The Federal Communications Commission last week put the magicJack business model in jeopardy when it ruled that the carrier was not entitled to collect access charges for calls terminating to its customers through its affiliate company YMax. The FCC ruling came in response to a complaint by AT&T.
But although it represents a victory for AT&T, it may be only a partial victory because the ruling also left open the possibility that YMax and other companies that terminate calls for low-cost over-the-top VoIP providers might be able to collect access charges now or in the future, depending how their access charge tariffs are written.
magicJack offers unlimited VoIP calling at low rates for people who purchase a device from the company that is designed to send and receives voice calls in VoIP form over a broadband connection. It has been speculated that the reason magicJack can afford to offer such low prices is because YMax collects access charges on calls to magic Jack customers. Like other VoIP providers, magicJack does not connect directly to the public telephone network but instead uses a company certified as a competitive local exchange carrier (in this case YMax) to terminate calls from the public phone network to its customers.
In the new ruling, the FCC stopped short of saying that CLECs cannot collect access charges on calls terminated for VoIP providers, explained Steve Augustino of telecom law firm Kelley, Drye & Warren in a blog post. Instead, Augustino said, the FCC “held that magic Jack customers were not ‘end users’ under the [YMax] tariff because magic Jack customers do not ‘use’ a service they obtain under the terms and conditions of the tariff.” In addition, Augustino noted that the FCC said YMax “does not provide ‘end office switching’ or ‘transport’ services because YMax does not provide connections to the magic Jack customers via ‘station loops’ or ‘end user lines.’”
In the ruling, the FCC also made a point of saying that “we need not, and do not, address issues regarding the intercarrier compensation obligations, if any, associated with VoIP traffic in this order.”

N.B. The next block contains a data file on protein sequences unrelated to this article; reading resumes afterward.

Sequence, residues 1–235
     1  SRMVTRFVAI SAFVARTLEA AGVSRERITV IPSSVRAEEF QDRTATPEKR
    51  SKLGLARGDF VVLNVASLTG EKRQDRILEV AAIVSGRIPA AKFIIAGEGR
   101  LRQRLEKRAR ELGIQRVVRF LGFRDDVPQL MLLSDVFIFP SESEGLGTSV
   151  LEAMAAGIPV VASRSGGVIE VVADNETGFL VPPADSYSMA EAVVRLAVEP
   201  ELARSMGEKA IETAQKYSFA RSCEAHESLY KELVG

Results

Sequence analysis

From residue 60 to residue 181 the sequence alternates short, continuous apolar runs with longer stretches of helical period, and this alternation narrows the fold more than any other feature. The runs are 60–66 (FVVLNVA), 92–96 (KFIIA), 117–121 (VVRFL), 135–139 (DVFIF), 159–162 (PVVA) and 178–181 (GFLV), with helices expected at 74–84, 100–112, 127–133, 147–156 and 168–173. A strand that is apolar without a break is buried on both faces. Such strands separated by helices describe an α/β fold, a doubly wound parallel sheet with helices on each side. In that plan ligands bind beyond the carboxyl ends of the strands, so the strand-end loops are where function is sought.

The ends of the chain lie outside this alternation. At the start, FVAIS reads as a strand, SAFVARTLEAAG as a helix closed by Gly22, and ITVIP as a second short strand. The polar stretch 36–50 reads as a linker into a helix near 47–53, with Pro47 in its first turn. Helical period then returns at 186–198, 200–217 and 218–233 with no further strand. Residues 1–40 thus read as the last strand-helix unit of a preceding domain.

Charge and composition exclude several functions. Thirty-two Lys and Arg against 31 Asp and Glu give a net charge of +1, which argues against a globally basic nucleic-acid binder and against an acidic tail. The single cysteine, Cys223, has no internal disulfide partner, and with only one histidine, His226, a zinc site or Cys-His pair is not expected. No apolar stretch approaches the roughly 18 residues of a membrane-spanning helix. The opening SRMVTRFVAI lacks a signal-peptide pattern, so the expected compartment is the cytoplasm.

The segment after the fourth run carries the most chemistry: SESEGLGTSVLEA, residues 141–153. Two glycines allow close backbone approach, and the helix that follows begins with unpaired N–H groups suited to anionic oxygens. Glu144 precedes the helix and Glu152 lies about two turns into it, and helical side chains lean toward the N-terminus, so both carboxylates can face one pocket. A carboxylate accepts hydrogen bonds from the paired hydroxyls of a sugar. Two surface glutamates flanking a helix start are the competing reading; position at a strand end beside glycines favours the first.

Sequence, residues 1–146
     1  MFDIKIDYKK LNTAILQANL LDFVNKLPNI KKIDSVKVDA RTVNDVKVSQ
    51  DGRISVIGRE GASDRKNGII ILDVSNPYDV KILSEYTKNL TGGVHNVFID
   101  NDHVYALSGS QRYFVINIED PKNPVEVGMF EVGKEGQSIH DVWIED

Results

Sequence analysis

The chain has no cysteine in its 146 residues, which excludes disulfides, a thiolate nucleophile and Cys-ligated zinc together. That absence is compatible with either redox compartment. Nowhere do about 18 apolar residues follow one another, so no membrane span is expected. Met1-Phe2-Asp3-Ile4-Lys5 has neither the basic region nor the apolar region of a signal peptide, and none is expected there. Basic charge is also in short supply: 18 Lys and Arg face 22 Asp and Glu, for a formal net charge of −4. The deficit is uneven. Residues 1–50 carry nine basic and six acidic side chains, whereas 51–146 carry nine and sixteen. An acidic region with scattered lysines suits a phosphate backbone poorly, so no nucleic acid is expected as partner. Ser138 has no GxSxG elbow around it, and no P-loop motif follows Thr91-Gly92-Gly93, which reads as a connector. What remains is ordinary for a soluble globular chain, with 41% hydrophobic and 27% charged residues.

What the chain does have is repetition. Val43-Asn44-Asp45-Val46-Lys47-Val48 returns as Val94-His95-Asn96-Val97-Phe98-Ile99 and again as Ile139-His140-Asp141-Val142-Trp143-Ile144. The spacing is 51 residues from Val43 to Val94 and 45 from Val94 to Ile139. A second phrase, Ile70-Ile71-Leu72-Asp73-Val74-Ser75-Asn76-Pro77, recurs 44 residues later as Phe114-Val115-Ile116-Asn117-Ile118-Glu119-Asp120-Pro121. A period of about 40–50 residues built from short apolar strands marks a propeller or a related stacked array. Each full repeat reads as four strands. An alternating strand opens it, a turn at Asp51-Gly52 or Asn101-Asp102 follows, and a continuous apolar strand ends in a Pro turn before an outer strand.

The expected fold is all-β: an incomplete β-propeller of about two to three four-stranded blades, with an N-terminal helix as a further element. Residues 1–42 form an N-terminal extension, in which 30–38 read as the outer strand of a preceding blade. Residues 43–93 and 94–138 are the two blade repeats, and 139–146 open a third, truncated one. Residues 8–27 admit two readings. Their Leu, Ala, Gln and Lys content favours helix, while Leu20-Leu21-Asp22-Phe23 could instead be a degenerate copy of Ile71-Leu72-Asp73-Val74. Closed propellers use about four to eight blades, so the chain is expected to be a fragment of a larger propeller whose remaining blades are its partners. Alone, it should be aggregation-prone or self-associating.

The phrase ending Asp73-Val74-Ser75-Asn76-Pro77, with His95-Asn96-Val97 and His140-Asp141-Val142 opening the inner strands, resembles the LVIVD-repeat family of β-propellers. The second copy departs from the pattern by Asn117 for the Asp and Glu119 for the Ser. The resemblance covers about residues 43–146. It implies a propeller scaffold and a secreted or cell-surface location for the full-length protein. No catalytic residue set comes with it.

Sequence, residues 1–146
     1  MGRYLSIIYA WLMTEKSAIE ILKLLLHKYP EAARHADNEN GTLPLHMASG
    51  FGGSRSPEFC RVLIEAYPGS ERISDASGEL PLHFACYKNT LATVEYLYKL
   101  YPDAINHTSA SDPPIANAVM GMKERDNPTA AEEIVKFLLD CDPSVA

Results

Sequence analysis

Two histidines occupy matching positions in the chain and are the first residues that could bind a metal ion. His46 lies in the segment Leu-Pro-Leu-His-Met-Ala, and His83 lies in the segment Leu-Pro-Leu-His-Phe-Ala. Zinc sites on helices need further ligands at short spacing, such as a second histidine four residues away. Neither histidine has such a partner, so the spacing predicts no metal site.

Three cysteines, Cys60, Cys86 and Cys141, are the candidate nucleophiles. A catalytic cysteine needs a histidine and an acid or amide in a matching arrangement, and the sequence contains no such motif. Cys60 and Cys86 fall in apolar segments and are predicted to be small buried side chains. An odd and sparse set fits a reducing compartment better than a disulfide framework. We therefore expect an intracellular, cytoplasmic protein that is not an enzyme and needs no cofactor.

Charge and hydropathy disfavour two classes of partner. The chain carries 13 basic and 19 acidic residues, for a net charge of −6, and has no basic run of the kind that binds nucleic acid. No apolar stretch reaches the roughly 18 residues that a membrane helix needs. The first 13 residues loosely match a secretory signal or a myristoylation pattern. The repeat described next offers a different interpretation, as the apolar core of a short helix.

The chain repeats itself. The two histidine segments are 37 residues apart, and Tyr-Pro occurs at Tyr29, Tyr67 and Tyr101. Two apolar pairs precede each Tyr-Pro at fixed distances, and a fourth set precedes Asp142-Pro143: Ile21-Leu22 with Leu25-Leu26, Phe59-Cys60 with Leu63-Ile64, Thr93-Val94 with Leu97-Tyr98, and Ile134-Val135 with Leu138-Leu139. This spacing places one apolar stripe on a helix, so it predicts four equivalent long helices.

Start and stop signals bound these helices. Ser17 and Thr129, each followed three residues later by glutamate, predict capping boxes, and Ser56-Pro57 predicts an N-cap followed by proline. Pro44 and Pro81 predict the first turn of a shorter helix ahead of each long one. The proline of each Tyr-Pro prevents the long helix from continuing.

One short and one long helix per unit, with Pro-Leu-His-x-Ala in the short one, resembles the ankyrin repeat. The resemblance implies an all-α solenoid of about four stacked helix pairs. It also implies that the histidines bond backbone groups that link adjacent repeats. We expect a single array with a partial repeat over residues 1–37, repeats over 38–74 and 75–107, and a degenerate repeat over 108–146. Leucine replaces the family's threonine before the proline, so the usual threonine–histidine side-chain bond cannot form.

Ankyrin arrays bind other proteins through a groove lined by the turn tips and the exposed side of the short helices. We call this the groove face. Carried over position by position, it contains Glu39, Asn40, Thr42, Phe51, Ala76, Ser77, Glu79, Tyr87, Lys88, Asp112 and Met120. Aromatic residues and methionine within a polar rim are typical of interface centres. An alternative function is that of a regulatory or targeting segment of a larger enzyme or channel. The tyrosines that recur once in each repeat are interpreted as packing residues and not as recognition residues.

magicJack and YMax may be in a fairly unique position, in that YMax has CLEC certification throughout the U.S. and is owned by the same parent company as magicJack. Most other over-the-top VoIP providers are not so well positioned to tap the access charge revenue stream. But if any of them are doing so, they could face similar challenges.
YMax meanwhile, may find itself responding to a flood of claims from carriers other than AT&T that have been paying terminating access charges to magic Jack users.
The FCC, meanwhile, is getting ready to rule on whether VoIP providers should be required to pay access charges when their customers call customers of other companies. Some VOIP providers have argued that VoIP is not a telecommunications service and therefore they are exempt from access charges.
Longer term, however, the FCC has announced plans to phase out the access charge system—a process that is expected to take a number of years. magicJack already has taken steps to try to make that happen sooner rather than later, offering carriers free equipment if they agree to enter into a “bill and keep” agreement with YMax. In retrospect, magicJack/YMax may have done that as a defensive move in the event that the FCC ruled in favor of AT&T. Now, considering that AT&T did indeed win, carriers may have little motivation to enter “bill and keep” agreements with YMax because they may believe they don’t have to pay access charges to YMax anyway.